- ST 36 –Used to tonify deficient Qi and Blood and also to tonify Wei Qi
- ST 8 – Used to help with headaches and dizziness.
For Qi Deficiency:
- CV 6 – Used for building and storing Qi and helpful with combating general fatigue.
- GV 20 – Used for headaches and effecting the Tong Ren/Tam Healing System, which is related to emotions, memory, and behavior.
- UB 20 – This is the main point for all spleen problems. Also used commonly for fatigue.
For Yin Deficiency:
- CV 4 – Used for all deficiencies of Yin, Yang, Qi, and Blood.
For Yang Deficiency:
- KD 3 – Used to tonify DK Yin or Yang deficiencies.
- KD 7 – Used to tonify KD Yang and low back pain.
Research Studies on Acupuncture for Fibromyalgia
In a 2010 research study, an acupuncturist had a total of 24 patients who were treated for 12 weeks. Each session was 30 minutes long and they were seen twice weekly. Moxibustion was used to warm the needles. During this treatment, patients were counseled regarding certain topics pertaining to fibromyalgia. After one month of the study, one patient discontinued treatment because she felt worse and three patients had gone into remission. That left 20 patients, which most of the patients had an 85% large improvement rate. This study was a success for acupuncture treatment for fibromyalgia.
Another research study done in 2016 had a total of 153 patients. They were broken down into two groups: one group receiving individualized acupuncture and the other group receiving sham acupuncture. Both groups were given one acupuncture treatment a week, lasting 20 minutes. In addition to the acupuncture treatment, there was also usual pharmacological treatment. At the end of the treatment, the individualized treatment proved to be efficient in terms of pain relief. This pain relief lasted one year, with symptoms only being mild and infrequent.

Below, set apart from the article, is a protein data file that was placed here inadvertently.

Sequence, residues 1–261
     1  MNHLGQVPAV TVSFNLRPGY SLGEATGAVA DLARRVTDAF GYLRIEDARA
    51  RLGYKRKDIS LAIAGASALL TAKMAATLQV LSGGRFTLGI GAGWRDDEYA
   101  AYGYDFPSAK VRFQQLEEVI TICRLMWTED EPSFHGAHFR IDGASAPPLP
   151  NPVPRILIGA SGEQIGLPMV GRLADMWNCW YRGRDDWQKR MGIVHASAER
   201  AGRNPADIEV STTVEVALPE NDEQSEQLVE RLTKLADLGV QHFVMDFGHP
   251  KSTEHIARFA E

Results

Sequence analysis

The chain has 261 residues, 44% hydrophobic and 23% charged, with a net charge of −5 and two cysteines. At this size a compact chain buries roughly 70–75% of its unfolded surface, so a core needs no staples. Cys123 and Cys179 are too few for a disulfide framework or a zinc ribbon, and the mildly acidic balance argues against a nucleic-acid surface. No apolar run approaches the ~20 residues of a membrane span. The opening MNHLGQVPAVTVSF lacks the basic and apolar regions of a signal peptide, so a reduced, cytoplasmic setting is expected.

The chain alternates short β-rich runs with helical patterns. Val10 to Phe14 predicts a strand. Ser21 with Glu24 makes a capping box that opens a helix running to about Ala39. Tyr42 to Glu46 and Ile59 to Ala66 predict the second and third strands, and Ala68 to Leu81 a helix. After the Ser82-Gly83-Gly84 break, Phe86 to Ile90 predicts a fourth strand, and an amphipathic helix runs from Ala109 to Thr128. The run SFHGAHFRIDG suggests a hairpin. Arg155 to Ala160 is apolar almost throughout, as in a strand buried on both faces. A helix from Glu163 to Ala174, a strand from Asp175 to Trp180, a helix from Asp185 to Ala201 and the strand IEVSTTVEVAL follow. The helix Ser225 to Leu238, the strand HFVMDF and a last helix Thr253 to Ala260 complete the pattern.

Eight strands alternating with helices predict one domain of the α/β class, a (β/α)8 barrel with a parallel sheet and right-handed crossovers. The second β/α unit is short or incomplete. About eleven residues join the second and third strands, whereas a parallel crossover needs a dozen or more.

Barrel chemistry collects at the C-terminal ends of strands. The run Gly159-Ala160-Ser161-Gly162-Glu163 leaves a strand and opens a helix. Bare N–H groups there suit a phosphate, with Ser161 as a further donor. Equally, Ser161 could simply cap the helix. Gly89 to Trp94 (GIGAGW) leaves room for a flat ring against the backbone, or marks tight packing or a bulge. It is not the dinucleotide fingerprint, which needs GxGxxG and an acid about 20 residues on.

Complications of Fibromyalgia
Because there is no cure for fibromyalgia, there are some complications that come with this condition. Patients with fibromyalgia are more likely to experience a lower quality of life. They also will experience higher rates of depression, which leads to higher suicide rates. Chances are if you have fibromyalgia, it is co-existing with another condition. The pain and fatigue experience with fibromyalgia can make it difficult to perform daily tasks or to even work, causing disability.
Anton, C. 2017. Skeptical at First, Acupuncture Soothed My Fibromyalgia Symptoms. Fibromyalgia News Today.
Clydesdale, D. 2007. The Yin and Yang of Fibromyalgia Syndrome: Treatments Based on the Ancient Wisdom of Traditional Chinese Medicine. National Fibromyalgia Association.
Clarke, T. 2004. Treatment of Fibromyalgia With Acupuncture and Counseling. BC Medical Journal.
Nordqvist, C. 2018. Everything You Need to Know About Fibromyalgia. Medical News Today.
Acupuncture for Chronic Fatigue/Fibromyalgia- Treatment Protocols. Ying Yang House Theory.
Vas J, Santos-Rey K, Navarro-Pablo R, et al. Acupuncture for fibromyalgia in primary care: a randomized controlled trial. Acupuncture in Medicine 2016;34:257-266.
What is Fibromyalgia? National Fibromyalgia & Chronic Pain Association